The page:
October 22, 2021

Why Didn’t Anyone Tell Me About Parents?

Est. Reading: 4 minutes

I surf around on Reddit and Letterbox, I subscribe to Kanopy and Criterion, I’ve got Hulu and HBO, why haven’t I ever heard of Bob Balaban’s Parents? Holy Shit, it’s a kick in the teeth! A hard kick in the teeth with workboots on. By all appearances, you would think Parents falls neatly into the 1980’s counter-culture, comedy, horror genre. If you look at the poster and the cast, namely Randy Quade, you would think you were in for a comedy along the lines of Society, The Stuff, Frankenhooker, Terrorvision, Brain Damage, or that sort of thing.

Parents flirts with being a silly parody like Meet The Applegates but it has a serious undertow that frequently overwhelms everything with genuine terror. The film takes place in the suburbs in the 1950s. It’s an easy era to parody with its hollow consumerism and obsession with white, heteronormative appearances. The Mom is a homemaker and the father works at a mysterious chemical company named Toxico. The name is a perfect example of the sort of social satire typical of the genre. The whole atmosphere seems to predict silly, unscary, and superficial fun, but then the young boy of the family has his first nightmare and we are thrown into a Kubrickian flood of blood and hallways as the child drowns in a dark sea of red.

The cinematography itself sets the film apart from its genre peers. Ernest Day and Robin Vidgeon use wide angles and extreme foreground shots to create an unsettling atmosphere. You’re never quite sure if you are watching through a specific character’s point of view or if you are some kind of fly on the wall, but the camera’s presence never fades away. You always have a sense of being an observer. Not a safely removed observer, but one who is almost included in the shot.


The compositions are odd as well. Often the camera is very low to simulate our child protagonist’s point of view, but other times the frame cuts characters off at odd places like the shins, or belly button. The movie is about cannibalism and the odd cropping feels like its own kind of butchery. Blaban is careful in what he chooses to show. We never see the actual disassembly of a body but Parents can get quite graphic and gory even if we are never really given the full picture. The truly fearsome elements are left to our imagination where they can be customized to our own anxieties through our own imagination

Often the counter culture, comedy, horror genre does not rise much above goofy parody. If you look for it you can sometimes glean a subtext about social hegemony or Reagan era capitalism, but Parent’s deserves more credit. It may not be as substantive and insightful as Todd Haynes Safe, but it leans in that direction. There is a similar sense of menace born of confusion and alienation. The young boy doesn’t fit in. Outsiders have the advantage of looking in from the margins where they can see the world in ways the initiated can not. The boy can see the seams and cracks in the social facade and he can’t help but peel at the edges.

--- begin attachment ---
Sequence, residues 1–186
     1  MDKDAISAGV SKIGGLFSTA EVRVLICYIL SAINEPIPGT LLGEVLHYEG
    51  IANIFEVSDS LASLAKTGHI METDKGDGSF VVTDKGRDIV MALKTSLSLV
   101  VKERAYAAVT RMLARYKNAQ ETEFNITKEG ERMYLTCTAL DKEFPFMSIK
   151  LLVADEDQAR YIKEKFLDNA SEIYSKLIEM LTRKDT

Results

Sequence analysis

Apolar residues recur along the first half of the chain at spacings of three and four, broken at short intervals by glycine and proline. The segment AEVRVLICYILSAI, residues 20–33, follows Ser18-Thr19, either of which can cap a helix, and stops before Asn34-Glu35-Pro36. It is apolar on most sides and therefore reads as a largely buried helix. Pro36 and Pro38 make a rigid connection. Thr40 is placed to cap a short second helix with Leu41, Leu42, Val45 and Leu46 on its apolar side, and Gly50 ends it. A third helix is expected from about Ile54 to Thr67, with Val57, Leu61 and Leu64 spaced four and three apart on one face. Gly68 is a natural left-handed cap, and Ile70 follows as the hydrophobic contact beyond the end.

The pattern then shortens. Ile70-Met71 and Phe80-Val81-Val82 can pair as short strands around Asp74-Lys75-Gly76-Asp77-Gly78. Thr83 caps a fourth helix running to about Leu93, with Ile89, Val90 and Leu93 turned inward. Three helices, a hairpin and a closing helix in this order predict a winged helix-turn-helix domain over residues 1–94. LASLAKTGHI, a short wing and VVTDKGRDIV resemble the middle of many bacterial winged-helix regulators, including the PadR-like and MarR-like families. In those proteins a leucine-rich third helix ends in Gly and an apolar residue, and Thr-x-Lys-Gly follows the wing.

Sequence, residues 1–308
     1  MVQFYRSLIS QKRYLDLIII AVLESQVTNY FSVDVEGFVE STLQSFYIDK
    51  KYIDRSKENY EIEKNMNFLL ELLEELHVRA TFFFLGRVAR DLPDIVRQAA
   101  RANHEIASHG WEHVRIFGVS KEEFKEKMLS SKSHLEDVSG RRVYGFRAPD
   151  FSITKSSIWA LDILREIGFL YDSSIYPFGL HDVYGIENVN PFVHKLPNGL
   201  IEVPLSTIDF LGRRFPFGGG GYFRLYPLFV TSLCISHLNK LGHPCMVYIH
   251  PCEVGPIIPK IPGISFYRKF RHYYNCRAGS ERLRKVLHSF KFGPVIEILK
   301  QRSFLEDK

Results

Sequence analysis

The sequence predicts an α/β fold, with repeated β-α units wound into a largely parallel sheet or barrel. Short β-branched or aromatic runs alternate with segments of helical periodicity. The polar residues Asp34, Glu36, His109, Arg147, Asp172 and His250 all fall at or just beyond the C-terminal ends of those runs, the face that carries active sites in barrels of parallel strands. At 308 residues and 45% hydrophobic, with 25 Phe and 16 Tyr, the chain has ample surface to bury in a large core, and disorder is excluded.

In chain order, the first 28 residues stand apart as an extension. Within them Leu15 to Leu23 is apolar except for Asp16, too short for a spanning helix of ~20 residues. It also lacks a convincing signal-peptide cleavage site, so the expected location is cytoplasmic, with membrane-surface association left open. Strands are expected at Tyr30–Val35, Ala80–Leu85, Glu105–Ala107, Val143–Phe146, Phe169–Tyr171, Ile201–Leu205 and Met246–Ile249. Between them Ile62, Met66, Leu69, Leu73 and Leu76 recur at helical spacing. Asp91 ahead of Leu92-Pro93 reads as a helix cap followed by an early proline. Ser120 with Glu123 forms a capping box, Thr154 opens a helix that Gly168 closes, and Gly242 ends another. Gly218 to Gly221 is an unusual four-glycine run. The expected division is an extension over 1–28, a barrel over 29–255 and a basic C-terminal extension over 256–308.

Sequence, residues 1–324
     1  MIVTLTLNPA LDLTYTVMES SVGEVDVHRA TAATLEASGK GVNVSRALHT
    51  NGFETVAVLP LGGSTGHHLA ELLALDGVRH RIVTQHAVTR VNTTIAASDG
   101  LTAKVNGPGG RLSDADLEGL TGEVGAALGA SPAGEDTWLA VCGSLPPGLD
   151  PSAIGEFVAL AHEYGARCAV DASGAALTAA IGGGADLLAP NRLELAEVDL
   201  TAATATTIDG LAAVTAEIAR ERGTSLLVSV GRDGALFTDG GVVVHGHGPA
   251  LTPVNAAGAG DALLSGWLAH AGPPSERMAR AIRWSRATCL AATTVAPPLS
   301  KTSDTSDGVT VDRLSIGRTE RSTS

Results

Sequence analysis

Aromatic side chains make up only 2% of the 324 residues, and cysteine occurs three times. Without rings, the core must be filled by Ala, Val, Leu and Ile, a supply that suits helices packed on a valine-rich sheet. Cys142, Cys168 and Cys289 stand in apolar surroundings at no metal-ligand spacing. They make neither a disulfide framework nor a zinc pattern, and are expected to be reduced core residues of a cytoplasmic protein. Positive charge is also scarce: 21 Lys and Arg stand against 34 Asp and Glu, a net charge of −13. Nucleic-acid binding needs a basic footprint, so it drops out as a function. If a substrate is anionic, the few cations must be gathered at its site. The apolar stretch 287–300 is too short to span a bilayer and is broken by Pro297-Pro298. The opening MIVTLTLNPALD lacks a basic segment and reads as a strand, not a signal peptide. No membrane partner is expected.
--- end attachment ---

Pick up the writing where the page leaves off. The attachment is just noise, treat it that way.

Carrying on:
There is also the possibility that the boy is a delusional psychopath unwittingly murdering people and imagining that the murderer is someone else. This is not likely to be the case but the possibility is kept open and adds to the film’s creepy thrall. Parents is a bit like an unstable tower that wobbles and lurches in different directions. There is the horror at the core but there is some John Hughs style teen angst which again feels light and breezy for a while but then gets sucked into darkness by a sinister undertow. Once we are stuck in this unstable world where nothing feels like it can be taken at face value everything and everyone becomes suspect. The film is intentionally presenting something that feels fake. There is a sense that at any minute the happy facade will collapse and reveal something horrifying, a bit like a Lynch film but again not quite as sophisticated.


A distinguishing characteristic of Parents is its unapologetic bleakness. Unlike other films in its genre Parents is unrelentingly dark. There is no redemption or lesson learned. There’s no illuminating moral about materialism or vanity, there is just a dark corner of the suburbs where something horrible is happening right under everybody’s nose.

Parents hovers somewhere in a category all its own. Its comic elements are campy. Its campy elements are creepy. The horror is genuinely frightening and the drama swings from soap opera parody to teeth-grinding intensity. There are the psychosocial aspects that remind you of a film like Ordinary People but once you are drawn into the family dynamics there is something far more disturbing going on.

Parents is not an indecisive film, it’s more like a creepy, shifty-eyed guy in an alley who won’t give you a straight answer. You know he’s hiding something, you know he’s dangerous but you’re curious and you want to find out what is going on. As humans, we fear the unknown, but we are also incurably curious. There’s nothing like tempting us with the forbidden and then punishing our prying eyes with something horrible. Sorry, not sorry.


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